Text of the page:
In an attempt to mock the country’s lax campaign finance law, the comedian can use Viacom funds to create political ads to run on Comedy Central
While Fox News has been busy skewering Jon Stewart for his activism, it is Stewart’s former Presidential candidate Stephen Colbert who is at it again.
In an attempt to mock the country’s lax campaign finance laws, Colbert gained approval from the Federal Election Commission on Thursday to seek funding for his new Super PAC from his own network and its owner, Viacom.
In a five-to-one ruling, the FEC issued an advisory opinion that will allow Colbert to use funds from Viacom to create advertisements for his Super PAC, dubbed the Colbert Super PAC.
The Comedy Central host's decision to be a PAC came in the wake of last year’s divisive Supreme Court ruling that allows corporations and unions to donate unlimited amounts of money to Super PACs, formally known as independent-expenditure only committees.
“The whole idea of a Super PAC is based on Cititzens United, “ said Mark Ladov, Counsel in the Democracy Program of the Brennan Center for Justice. “You wouldn’t have a Super PAC that could accept unlimited corporate contributions if it weren’t for that decision.”
Unlike normal PACs, which donate money directly to candidates and cannot receive donations from corporations or union, Super PACs can accept unlimited donations from almost anyone. In spite of their independence, Super PACs can endorse specific candidates in advertisements but cannot inform them of their plans to do so.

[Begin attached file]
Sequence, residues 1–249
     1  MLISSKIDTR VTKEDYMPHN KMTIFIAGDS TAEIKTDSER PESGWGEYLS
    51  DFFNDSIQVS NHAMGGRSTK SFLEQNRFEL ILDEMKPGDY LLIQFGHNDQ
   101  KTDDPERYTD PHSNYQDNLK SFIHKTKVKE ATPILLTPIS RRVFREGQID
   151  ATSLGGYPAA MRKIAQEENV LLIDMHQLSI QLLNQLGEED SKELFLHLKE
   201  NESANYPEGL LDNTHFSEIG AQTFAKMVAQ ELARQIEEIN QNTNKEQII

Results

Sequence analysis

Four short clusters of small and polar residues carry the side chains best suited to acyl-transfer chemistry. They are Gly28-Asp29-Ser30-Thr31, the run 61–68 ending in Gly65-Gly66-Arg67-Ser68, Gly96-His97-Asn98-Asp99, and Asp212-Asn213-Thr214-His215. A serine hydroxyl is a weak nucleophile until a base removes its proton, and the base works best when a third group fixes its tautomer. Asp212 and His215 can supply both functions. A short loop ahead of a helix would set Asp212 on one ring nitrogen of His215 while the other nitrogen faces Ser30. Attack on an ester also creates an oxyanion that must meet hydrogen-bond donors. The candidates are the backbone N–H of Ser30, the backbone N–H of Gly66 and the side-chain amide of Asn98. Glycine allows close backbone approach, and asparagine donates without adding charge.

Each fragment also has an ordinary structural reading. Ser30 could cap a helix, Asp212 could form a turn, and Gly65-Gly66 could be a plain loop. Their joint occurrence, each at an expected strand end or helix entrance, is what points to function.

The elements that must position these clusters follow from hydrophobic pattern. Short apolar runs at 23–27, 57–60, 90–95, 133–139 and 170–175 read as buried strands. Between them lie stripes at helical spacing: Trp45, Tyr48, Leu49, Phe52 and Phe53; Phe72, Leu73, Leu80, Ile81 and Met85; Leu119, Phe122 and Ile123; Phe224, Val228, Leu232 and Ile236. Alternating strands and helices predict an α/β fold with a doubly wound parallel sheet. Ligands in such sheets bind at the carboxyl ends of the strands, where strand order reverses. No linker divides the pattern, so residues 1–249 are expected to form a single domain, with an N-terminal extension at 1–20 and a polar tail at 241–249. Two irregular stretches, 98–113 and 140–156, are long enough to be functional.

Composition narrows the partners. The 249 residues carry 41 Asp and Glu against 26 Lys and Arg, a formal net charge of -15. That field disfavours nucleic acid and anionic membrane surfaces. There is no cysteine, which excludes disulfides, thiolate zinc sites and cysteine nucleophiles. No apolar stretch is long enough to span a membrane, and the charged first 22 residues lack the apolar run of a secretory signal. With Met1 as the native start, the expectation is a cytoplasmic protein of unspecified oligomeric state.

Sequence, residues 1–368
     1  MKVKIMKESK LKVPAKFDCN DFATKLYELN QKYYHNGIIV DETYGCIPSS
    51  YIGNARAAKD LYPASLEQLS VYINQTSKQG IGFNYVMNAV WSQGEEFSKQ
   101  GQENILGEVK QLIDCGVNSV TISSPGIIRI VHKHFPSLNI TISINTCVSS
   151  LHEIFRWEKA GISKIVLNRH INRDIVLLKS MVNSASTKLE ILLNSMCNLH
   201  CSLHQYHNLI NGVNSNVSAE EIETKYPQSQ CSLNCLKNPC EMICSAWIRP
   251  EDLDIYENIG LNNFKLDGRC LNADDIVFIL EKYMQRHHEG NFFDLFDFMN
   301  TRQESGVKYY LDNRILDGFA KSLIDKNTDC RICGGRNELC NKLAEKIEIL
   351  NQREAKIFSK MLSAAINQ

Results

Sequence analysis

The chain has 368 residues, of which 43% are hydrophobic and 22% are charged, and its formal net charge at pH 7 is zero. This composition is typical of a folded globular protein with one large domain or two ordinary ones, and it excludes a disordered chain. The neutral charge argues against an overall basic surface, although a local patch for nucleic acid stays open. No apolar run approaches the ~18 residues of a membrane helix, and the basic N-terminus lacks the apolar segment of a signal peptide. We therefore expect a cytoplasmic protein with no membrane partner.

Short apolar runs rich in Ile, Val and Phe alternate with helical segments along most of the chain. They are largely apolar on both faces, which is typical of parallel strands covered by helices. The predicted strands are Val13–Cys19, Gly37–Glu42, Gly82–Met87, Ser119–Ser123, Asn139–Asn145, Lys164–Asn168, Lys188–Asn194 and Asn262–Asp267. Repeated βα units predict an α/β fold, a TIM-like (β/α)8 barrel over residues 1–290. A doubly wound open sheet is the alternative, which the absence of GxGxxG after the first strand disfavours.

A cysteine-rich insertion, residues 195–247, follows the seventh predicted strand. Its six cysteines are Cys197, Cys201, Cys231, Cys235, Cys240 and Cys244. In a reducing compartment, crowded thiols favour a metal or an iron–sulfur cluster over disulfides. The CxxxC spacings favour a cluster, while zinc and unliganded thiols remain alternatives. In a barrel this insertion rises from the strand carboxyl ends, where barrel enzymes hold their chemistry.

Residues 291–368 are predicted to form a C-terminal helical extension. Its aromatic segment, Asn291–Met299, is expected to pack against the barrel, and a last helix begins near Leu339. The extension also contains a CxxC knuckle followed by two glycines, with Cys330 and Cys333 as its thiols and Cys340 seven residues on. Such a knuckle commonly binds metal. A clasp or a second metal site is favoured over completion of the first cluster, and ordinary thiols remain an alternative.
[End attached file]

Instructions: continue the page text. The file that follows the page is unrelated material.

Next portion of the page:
One hitch to the FEC's ruling, though: It limited in scope. Colbert was awarded a media exemption, which permits media outlets to report and comment on campaigns without it counting as any kind of political contribution.
That means the Colbert Super PAC can use Viacom resources to publicize the Super PAC during "The Colbert Report," but not beyond that thirty-minute period.
If it pays to run ads on other networks or outside of Colbert's time slot, it will have to disclose the details of the contributions and expenditures.
Colbert first announced his intentions on his show back in April, and said that Viacom lawyers had told him he could not proceed.
He used a recurring segment on his show and his Twitter account to promote the seemingly faux-cause, and in May he appeared at an FEC hearing to present his case.
This raise some concern among supporters of campaign finance reforms.
"The fear was that all of a sudden Viacom could say anything it did to support the Colbert Super PAC was not a contribution, and part of the exemption," Ladov said. "Then Fox News could, behind the scenes, give money to Mike Huckabee and Sarah Palin to support their Super PACs, and say it is only doing it as part of the emdia exemption they created."
It would appear the narrow scope of the FEC's ruling has assuaged those fears.
He will address the ruling on Thursday night's edition of "The Colbert Report," where this all began.